Ubuntu – Should I be asked for the password when a bug report is sent


First thing in the morning I started Ubuntu, and the Chrome browser. In the browser I visited a page with a password-field on it. So the password-ring popped up. Then a dialog popped up asking for a password in order to send a bug report about the system. Then the ususal bug-report dialog showed up. (Something about Gud & color)

I am not sure about the exact order of dialogs.

Is the extra question for a password for a bug report normal behaviour?

Best Answer

Sometimes, but not usually.

Reporting Crashes in System Processes

Most of the time when an application crashes or you report a bug manually, you don't have to put in a password for information to be automatically gathered and sent to Launchpad.

However, when a program or service that runs as root crashes, collecting data about that crash requires accessing data that is only accessible as root. In Ubuntu, you can perform actions as root by authenticating with your password, provided that your account has administrative capabilities. (This is facilitated by sudo or one of its graphical frontends, or by PolicyKit.) If your account does not have administrative capabilities, then you will not be prompted to report a crash in a root-owned process until you log in with an account that has administrative capabilities.

When you're logged in as an administrator and you're prompted to report a crash in a root-owned process, you see a password dialog like this:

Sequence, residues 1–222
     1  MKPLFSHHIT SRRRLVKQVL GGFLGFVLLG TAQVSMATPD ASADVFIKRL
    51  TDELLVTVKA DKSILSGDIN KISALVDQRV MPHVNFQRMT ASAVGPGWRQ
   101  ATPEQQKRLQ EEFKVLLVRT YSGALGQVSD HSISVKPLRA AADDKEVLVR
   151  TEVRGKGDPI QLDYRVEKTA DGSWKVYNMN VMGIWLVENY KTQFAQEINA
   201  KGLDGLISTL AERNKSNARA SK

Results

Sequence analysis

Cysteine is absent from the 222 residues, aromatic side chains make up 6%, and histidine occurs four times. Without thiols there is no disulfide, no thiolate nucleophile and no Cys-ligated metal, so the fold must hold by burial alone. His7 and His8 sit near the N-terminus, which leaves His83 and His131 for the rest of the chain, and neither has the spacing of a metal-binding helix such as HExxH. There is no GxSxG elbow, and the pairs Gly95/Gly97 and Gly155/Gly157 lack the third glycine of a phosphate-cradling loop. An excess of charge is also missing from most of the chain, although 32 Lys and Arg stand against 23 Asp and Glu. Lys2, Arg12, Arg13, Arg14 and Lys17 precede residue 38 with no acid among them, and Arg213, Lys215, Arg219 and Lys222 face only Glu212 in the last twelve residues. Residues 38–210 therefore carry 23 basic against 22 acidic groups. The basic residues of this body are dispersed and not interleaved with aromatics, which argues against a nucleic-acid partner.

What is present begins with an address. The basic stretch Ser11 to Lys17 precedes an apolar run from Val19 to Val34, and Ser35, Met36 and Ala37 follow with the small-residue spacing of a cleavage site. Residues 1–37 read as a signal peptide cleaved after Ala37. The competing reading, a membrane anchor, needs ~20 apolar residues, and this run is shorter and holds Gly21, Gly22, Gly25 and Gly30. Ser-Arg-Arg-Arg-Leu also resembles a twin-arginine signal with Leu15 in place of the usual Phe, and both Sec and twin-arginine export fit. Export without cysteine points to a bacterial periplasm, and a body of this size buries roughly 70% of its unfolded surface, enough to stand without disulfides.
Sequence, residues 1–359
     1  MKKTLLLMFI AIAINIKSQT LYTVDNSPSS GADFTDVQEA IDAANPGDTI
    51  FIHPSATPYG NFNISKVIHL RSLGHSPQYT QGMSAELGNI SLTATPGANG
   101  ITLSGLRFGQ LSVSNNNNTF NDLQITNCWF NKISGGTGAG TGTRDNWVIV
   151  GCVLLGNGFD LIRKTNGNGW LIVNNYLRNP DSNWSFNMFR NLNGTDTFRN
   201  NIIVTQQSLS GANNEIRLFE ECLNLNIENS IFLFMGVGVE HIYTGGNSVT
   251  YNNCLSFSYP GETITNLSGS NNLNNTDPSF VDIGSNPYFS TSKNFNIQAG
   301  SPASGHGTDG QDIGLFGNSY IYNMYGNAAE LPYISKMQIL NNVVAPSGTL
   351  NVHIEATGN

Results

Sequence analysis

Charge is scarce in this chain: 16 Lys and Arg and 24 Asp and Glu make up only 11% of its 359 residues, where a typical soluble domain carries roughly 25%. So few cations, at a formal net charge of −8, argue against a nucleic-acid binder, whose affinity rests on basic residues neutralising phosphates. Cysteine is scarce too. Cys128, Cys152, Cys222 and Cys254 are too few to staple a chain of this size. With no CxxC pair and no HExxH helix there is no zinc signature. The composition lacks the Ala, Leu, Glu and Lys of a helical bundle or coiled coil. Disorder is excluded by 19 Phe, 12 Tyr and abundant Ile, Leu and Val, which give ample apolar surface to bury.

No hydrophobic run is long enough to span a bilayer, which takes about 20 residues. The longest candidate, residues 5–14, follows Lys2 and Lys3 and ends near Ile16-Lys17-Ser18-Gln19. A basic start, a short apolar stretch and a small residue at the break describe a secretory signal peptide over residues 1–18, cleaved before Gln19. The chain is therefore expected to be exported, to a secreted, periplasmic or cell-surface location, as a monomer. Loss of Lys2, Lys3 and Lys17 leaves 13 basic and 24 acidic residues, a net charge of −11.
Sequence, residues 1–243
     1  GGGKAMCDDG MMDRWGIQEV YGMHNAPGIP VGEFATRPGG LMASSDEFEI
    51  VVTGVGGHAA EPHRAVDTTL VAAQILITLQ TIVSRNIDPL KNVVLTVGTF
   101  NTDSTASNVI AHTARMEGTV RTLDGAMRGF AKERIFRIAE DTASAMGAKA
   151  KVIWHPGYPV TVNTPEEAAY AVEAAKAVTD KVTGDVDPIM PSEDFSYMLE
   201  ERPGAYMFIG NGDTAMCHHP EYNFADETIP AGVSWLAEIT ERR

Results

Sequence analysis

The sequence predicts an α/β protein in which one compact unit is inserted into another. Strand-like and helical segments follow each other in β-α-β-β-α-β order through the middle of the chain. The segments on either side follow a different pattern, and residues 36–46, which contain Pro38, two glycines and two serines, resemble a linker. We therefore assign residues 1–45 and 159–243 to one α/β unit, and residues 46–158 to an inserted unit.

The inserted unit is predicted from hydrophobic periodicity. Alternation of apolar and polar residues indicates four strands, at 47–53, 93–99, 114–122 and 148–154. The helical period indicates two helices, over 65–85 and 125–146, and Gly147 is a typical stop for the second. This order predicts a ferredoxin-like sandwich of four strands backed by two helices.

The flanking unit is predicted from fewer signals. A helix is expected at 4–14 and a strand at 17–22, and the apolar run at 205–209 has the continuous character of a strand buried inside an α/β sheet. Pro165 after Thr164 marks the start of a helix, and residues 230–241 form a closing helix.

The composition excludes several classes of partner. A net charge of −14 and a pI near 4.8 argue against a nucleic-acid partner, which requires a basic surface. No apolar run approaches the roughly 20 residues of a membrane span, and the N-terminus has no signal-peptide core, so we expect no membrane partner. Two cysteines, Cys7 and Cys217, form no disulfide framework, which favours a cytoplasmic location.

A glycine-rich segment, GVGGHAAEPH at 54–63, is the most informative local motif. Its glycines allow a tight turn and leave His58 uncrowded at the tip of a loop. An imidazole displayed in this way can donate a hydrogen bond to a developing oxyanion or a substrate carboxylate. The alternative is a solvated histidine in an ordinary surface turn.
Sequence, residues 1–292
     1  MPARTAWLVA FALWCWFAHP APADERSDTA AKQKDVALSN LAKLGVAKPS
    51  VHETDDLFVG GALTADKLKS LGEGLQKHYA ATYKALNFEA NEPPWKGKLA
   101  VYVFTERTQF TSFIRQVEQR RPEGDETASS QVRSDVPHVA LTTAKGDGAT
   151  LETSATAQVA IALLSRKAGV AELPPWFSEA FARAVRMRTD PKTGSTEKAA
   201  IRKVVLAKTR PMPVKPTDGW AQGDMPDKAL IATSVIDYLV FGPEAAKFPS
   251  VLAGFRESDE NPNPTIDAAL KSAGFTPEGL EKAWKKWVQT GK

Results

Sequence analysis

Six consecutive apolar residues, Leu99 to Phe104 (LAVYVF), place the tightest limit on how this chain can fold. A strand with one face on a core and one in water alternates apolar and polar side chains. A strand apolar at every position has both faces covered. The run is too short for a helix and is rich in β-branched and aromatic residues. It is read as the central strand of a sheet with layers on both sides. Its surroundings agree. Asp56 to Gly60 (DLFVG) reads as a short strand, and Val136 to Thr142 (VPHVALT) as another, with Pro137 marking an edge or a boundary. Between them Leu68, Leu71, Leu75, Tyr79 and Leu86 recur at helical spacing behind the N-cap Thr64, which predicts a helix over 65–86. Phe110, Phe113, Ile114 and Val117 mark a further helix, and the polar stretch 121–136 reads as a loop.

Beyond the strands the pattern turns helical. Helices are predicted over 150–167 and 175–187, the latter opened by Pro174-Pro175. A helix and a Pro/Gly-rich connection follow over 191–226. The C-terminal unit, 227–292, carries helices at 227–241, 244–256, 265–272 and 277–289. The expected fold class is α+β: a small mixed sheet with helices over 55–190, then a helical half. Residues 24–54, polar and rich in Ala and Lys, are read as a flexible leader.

"Please enter your password to access problem reports of system programs"

This is one of the two situations where you may have to enter a password to report a bug in Ubuntu.

Once you've authenticated, then the crash-reporting process continues the same way as for regular non-root processes.

Filing Bug Reports for Crashes

Before Ubuntu 12.04 LTS, when Apport crash reporting was enabled, you would be asked to submit a bug report to contain the data gathered automatically. This is still what happens in alpha and beta versions of Ubuntu (and versions before 12.04 LTS). But starting with Ubuntu 12.04 LTS, Apport is set up by default so that, if you are running a stable version of Ubuntu and a crash occurs, it will automatically (with your permission) submit the information to a database that doesn't require you to fill out a bug report. This is potentially less useful than having a bug report, but it means that information can effectively be gathered from many more users--plus, bug reports are often most valuable for alpha and beta releases where the bugs are more likely to be fixed as a result of the report.

However, if you re-enable bug filing for crashes, or you report a bug by invoking ubuntu-bug manually with a package name or process ID, then you will be given the opportunity to file a bug report. Bug reports in Ubuntu are filed on Launchpad. So once data for the bug are collected and submitted to Launchpad, a Launchpad page to file the bug report with those data automatically attached will appear in a web browser. (Unless your default web browser doesn't work and that's what the bug is about, of course.)

If you're not logged in to Launchpad, then you'll be brought to the Launchpad sign-in page in your web browser, to report the bug. This is the second of the two situations where you may have to enter a password, to report a bug in Ubuntu.

Screenshot showing the Launchpad sign-in page